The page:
Trans Mountain’s pipeline expansion was never commercially viable.
It was subsidized from the get-go when, in 2011, the National Energy Board approved a $286-million subsidy fought by Canadian oil producers. Chevron described it as an “extraordinary precedent. … If they [Kinder Morgan] need financing, then they should go to the market” and get it.
The NEB later approved a more than doubling of tolls on the pipeline serving B.C. and Washington state to help fund one for offshore markets — a subsidy of more than $350 million a year from a 65-year-old line. When the legacy line fails — increasingly likely the older it gets — Kinder Morgan will be back for more handouts.
Then there is the $1.5-billion Oceans Protection Plan that Prime Minister Justin Trudeau confirmed as a subsidy when he threatened to cancel it if the project fails.
Kinder Morgan’s search for government funding is not new, either. The company has pursued this scheme for the past five years. After meetings in 2013, the Alberta government under premier Alison Redford rebuffed the company’s request: “We are not moving forward with any financial arrangements with Kinder Morgan.”
While meeting Alberta for financing, the company told the NEB the project would be fully funded by its Texas-based parent, Kinder Morgan Inc. By late 2014, KMI, in financial trouble, could no longer deliver.
As an expert intervener, I advised the NEB that project financing was compromised. The NEB ignored the warning. It even reviewed a stale-dated project. The board stuck with a $5.4-billion cost, citing this in its May 2016 report, even though Kinder Morgan announced in October 2015 costs had increased to $6.8 billion.
In March 2017, costs rose again to $7.4 billion — 40 per cent above the initial estimate. By this time, U.S. private capital markets had summarily rejected the expansion. Kinder Morgan was unable to raise debt or equity, and no joint-venture partner could be found. U.S. investors saw the writing on the wall.
Kinder Morgan turned its attention to the Canadian government and capital markets. The company acknowledged its search for financial support from the Canada Pension Plan and the Infrastructure Fund.
In May 2017, Kinder Morgan sold 30 per cent of its Canadian assets in a public offering. None of the proceeds were for the expansion. The $1.7 billion raised was siphoned from the Canadian economy to pay off debt the Texas parent owed.
KMI then announced the Canadian entity would be responsible for raising all required project financing, although the U.S. parent still held 70 per cent ownership. No update on negotiations with Ottawa was forthcoming.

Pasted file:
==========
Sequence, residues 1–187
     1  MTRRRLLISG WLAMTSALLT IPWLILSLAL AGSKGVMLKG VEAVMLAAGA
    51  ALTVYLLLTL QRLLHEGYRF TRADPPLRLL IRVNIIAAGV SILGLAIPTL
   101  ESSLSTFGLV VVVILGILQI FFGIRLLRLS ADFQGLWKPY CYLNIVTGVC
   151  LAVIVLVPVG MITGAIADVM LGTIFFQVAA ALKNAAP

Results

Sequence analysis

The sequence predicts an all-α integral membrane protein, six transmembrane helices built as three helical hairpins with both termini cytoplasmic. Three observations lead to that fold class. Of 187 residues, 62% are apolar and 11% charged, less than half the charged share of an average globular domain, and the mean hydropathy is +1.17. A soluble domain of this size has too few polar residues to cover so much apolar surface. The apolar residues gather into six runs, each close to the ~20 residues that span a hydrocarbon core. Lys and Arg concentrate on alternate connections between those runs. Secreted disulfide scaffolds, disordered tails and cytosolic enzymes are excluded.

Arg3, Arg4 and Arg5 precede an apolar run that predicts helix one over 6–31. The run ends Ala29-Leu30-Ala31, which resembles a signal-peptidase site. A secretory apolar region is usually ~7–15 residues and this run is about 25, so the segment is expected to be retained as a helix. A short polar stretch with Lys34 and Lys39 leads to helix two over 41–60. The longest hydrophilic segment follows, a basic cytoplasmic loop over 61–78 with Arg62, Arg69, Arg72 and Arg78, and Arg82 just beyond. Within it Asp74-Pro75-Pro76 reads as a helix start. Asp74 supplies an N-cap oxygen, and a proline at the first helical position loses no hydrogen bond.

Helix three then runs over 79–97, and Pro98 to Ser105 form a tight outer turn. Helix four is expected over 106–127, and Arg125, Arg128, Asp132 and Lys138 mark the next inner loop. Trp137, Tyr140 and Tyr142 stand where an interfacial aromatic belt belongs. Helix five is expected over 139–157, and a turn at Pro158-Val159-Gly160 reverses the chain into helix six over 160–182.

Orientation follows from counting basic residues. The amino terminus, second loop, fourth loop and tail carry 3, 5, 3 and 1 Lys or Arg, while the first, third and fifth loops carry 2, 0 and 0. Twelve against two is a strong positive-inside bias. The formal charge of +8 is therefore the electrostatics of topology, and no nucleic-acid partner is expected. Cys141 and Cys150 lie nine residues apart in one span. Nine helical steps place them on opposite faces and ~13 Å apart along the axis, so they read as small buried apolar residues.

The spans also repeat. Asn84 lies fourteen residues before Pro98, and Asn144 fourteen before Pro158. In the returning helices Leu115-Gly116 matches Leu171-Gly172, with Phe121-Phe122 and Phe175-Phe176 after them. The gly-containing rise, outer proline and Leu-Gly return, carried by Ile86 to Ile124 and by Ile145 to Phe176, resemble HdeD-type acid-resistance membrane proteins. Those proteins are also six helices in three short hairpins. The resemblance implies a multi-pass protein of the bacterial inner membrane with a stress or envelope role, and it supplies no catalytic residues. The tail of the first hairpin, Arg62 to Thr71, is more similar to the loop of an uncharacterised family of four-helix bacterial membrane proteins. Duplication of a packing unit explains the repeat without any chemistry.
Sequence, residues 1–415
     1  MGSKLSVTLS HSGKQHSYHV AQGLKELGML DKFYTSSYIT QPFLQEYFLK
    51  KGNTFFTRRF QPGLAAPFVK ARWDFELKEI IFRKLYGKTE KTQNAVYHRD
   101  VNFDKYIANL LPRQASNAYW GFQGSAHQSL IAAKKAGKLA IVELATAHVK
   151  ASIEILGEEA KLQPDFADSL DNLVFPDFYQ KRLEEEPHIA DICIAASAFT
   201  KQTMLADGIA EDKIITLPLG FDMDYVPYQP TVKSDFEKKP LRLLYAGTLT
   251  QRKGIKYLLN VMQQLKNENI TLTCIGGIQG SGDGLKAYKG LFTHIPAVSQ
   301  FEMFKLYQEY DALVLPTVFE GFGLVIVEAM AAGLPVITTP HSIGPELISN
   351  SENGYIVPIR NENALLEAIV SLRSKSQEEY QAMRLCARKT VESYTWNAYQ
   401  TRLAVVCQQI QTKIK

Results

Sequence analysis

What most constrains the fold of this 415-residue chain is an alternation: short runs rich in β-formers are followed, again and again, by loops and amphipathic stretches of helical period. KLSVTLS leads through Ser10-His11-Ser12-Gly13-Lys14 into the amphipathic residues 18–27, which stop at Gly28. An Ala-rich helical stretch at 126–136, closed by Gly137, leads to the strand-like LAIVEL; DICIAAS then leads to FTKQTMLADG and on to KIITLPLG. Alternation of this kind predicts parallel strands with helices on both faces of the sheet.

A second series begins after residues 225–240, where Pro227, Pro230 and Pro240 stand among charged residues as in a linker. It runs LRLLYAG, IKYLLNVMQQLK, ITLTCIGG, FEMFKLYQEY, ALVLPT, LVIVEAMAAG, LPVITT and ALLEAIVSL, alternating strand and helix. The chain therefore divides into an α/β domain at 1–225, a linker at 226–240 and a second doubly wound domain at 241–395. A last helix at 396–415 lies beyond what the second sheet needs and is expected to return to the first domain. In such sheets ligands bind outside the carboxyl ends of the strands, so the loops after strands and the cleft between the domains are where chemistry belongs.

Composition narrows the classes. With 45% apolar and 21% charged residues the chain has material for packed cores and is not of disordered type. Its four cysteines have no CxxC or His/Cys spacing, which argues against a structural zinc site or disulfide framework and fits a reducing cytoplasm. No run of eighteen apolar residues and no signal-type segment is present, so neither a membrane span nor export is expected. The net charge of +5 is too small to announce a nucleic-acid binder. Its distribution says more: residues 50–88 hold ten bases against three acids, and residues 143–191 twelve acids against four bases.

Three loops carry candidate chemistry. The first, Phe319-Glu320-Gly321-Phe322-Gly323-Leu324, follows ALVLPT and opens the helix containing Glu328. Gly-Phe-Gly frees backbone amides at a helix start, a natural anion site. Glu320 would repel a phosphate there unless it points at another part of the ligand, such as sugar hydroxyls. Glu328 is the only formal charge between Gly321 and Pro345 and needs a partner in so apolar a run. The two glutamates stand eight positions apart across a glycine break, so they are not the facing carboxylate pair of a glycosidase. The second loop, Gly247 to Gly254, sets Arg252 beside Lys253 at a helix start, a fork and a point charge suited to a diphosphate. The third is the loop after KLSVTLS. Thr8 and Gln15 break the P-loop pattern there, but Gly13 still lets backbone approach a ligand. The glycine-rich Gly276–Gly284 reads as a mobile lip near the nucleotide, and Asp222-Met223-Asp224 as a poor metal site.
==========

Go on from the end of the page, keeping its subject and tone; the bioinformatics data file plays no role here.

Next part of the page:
The foreign parent had effectively washed its hands of all financing responsibility while retaining the majority of any benefits for KMI’s U.S. shareholders.
In June, Canadian banks entered into a $4-billion construction debt facility with $1 billion more available if the cost exceeds $7.4 billion. Canadian banks are aware the capital estimate is too low.
Kinder Morgan then raised $550 million in preferred shares through the same Canadian banks. Current project costs and carrying charges mean at least $2 billion in unfunded equity remains.
But that’s not all — before construction, even more equity will be required. Kinder Morgan is not up-front with escalating project cost. Instead, the recent ultimatum states: “KML is not updating its cost and schedule estimate at this time.”
Why not? If there were any time the Canadian public has a right to know the cost of tearing the country apart, it is now. Especially since taxpayers are being set up to pay for it.
Given Kinder Morgan’s clever cost-obfuscation strategy and the contracts that are yet to be finalized, direct project costs could exceed $9 billion.
Negotiations behind closed doors with desperate politicians whose behaviour suggests they lack the business acumen to know project costs before they commit to them puts all Canadians at serious financial risk. Either that, or Trudeau’s government is complicit in hiding project overruns to rationalize a taxpayer-funded bailout for a project that sank long ago.
Robyn Allan is an independent economist and was a qualified expert intervener at the Trans Mountain Expansion Project review.